How capitalism gave figure to Santa Claus

Have you ever wondered what Santa Claus really looked like? Image Foundry, a UK partnered Indian firm which specialises in CGI, used Artificial Intelligence to create an image of Santa using X-ray and measurement data provided by the Vatican. This is what he really (probably) looked like.

Not even close to what you imagined, eh? Well then how did he end up looking like this?

There is a perfectly good explanation behind this, and it has got to do with capitalism. Surprised?

Saint Nicholas, the real Santa Claus, was a Christian saint who lived around 300 A.D in modern-day Turkey. He was made popular in Europe by the Dutch who called him Sinterklaas. And those Dutch immigrants who took this idea to America turned that name into Santa Claus, as we know him today. Saint Nicholas was a very generous man who left gifts secretly at the doorsteps of the poor. The legend goes that he rescued 3 girls from being sold by their father by dropping a sack of gold coins into their house. And this is why the gift-giving tradition during Christmas.

Clement Clarke Moore, published a poem in 1823, titled ‘A visit from St. Nicholas’, which portrayed the saint as a jolly old man with a big belly and a cheerful attitude. The poem narrates the story of a family that is settling down to sleep on Christmas eve when the father hears something on the lawn outside. Lo and behold, it was Santa Claus in an airborne sleigh and 8 reindeers, trying to squeeze in through the chimney carrying a sack of toys for the kids. And that’s why the sleigh and reindeers.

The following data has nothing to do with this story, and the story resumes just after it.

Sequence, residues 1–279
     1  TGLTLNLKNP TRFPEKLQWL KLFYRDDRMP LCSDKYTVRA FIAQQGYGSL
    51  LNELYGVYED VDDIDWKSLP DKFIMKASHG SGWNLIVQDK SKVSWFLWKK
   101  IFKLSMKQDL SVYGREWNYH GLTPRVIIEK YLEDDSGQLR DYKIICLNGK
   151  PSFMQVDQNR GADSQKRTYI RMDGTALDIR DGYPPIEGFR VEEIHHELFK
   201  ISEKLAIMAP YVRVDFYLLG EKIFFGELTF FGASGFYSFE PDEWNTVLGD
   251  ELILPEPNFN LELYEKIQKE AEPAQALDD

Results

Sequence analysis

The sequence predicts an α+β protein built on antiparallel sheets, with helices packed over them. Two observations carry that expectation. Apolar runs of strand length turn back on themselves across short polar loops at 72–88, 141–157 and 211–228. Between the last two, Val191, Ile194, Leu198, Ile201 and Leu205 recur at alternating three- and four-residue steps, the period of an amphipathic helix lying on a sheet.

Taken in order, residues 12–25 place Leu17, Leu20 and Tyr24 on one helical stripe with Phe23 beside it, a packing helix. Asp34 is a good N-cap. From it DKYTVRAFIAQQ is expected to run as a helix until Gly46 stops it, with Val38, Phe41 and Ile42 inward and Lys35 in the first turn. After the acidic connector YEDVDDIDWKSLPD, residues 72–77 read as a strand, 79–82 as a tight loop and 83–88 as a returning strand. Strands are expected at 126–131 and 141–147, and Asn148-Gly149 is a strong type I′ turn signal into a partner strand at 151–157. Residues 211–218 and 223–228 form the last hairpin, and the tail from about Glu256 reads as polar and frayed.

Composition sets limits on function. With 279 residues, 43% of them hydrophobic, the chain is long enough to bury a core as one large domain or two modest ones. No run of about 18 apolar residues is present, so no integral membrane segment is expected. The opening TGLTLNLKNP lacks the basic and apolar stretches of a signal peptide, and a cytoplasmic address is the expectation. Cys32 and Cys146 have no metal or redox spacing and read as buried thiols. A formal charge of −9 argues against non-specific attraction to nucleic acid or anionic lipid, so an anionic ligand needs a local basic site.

But what about the costume? Well, Saint Nicholas was a bishop. So, he most probably wore a robe during his time. Was it red in colour? We don’t know. But it wasn’t until 1881 that a robe came to be associated with Santa. Thomas Nast, a popular cartoonist who worked for Harper’s Weekly in New York, published this infamous cartoon image of Santa Claus wearing a robe in the January 1, 1881 edition of the weekly newspaper. His robe was initially tan in colour, but he slowly made revisions to it and finally, it became red.

And after that, it was good old capitalism that propelled the image forward. In 1931, Coca-Cola hired Michigan-born artist Haddon Sundblom to design advertisements feature Santa Claus. Haddon drew Santa Claus donning a red-and-white suit that conveniently echoed its own product’s colours.

And that’s how he came to be!

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